Thus, despite the overlap between Sec. 8(b) and Sec. 9(c) in subject matter, vaguely conceived, the only intelligible reading of the agreement is that the Sec. 9(c) procedure governs the issue addressed in Sec. 9(c), the government's contingent obligation to file a departure motion, and the Sec. 8(b) procedure covers efforts by the government to obtain release from its obligations under the agreement--obligations that are not contingent except in the sense that the government may be released if it can show the defendant's breach.

Apart from his unsuccessful Sec. 8(b) theory, defendant advances no basis for review of the government's decision not to file a departure motion. The government itself concedes that its refusal to file such a motion is in principle reviewable for bad faith, as it would be under circuit law even in the absence of an agreement, United States v. Doe, 934 F.2d 353, 361 (D.C. Cir. 1991), but the defendant asserts no bad faith. Accordingly, there was no error in the trial court's failure to conduct a hearing on the government's withholding of the sentencing motion.

The judgment of conviction is

Affirmed.

APPENDIX

Sections 8 & 9 of Plea Agreement

8. (a) Your client understands and agrees that if he should fail to specifically perform or to fulfill completely each and everyone [sic] of his obligations under this plea agreement, then the Government will be free from its obligations under the agreement, and your client shall be fully subject to criminal prosecution for any and all crimes which he has committed.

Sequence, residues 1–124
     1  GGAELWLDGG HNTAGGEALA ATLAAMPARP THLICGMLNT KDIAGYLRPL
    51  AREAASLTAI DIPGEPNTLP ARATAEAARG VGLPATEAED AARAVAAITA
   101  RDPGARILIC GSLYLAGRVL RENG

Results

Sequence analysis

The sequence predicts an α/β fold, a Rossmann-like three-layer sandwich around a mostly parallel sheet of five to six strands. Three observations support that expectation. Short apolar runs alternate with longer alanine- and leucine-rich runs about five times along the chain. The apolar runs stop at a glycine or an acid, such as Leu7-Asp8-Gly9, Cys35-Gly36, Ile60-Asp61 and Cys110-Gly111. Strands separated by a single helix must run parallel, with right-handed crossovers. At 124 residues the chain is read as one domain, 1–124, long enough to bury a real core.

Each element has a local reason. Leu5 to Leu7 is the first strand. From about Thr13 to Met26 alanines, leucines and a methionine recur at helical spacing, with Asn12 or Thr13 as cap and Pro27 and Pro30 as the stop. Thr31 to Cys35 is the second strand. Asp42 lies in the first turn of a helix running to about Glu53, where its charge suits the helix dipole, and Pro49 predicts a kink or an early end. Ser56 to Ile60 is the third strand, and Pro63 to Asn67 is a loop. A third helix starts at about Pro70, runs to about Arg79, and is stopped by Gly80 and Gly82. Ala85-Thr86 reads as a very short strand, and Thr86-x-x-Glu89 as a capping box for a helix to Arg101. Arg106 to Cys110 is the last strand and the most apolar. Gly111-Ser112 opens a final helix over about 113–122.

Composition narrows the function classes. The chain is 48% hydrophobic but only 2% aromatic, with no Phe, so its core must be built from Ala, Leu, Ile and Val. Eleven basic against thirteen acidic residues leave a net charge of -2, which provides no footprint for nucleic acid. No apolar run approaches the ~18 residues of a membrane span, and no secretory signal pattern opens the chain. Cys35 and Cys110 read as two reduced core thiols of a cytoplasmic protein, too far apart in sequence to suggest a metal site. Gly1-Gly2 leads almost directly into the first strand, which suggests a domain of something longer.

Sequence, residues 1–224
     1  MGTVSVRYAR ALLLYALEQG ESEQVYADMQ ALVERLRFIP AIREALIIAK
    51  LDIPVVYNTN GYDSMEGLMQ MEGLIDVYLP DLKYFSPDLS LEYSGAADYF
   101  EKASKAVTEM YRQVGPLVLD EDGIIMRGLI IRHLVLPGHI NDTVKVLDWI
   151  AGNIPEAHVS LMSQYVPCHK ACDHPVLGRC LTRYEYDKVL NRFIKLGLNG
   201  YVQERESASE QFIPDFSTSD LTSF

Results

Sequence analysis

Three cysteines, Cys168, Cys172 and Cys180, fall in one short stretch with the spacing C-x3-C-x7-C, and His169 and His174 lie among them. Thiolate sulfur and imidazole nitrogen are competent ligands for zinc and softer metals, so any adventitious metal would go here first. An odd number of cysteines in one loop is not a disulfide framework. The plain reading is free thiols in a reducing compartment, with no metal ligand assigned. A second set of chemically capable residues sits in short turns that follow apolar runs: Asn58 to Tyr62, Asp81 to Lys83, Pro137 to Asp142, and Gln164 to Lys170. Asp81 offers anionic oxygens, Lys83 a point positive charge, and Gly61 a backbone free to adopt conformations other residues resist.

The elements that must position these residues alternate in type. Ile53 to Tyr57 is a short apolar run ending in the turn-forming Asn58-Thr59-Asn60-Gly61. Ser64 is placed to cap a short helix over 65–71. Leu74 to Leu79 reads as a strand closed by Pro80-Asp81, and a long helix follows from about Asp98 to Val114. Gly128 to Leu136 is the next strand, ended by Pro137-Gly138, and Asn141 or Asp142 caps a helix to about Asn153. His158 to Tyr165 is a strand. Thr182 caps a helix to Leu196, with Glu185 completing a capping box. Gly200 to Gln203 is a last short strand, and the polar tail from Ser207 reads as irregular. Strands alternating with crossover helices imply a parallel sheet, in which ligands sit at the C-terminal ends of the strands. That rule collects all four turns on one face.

(b) Whether or not your client has specifically performed all of the obligations under this agreement shall be determined by the Court in an appropriate proceeding. Your client's disclosures and the evidence which he has produced shall be admissible at that proceeding and, except for violations of Federal, state, or local criminal law following the execution of this agreement, this Office shall be required to prove a breach of the agreement by a preponderance of the evidence. Your client understands and agrees that this Office shall only be required to prove a violation of Federal, state and local criminal law by probable cause in order to establish a breach of this agreement.

9. In return for your client's specific performance of all his obligations under this agreement, this Office agrees that:

(a) It will bring to the Court's attention at the time of sentencing, the nature and extent of your client's cooperation, or lack thereof.

(b) It will inform the Departure Guideline Committee of the United States Attorney's Office for the District of Columbia the nature and extent of your client's cooperation, or lack thereof.

(c) In addition, if the Departure Guideline Committee of the United States Attorney's Office for the District of Columbia after evaluating the full nature and extent of your client's cooperation, or lack thereof, determines that your client has provided substantial assistance in the investigation or prosecution of another person who has committed any offense, then this Office will file a motion pursuant to 18 U.S.C. § 3553(e), and 5K1.1 of the federal sentencing guidelines in order to afford your client an opportunity to persuade the Court that he should be sentenced to a lesser period of incarceration and/or fine than mandated by the federal sentencing guidelines, and/or any mandatory minimum sentence required by statute. Your client understands that the determination of whether he has provided "substantial assistance" is within the sole discretion of the United States Attorney for the District of Columbia and is not reviewable by the Court. Nor shall the failure of this Office to file a "substantial assistance" departure motion be grounds for your client to move to withdraw his plea of guilty in this case.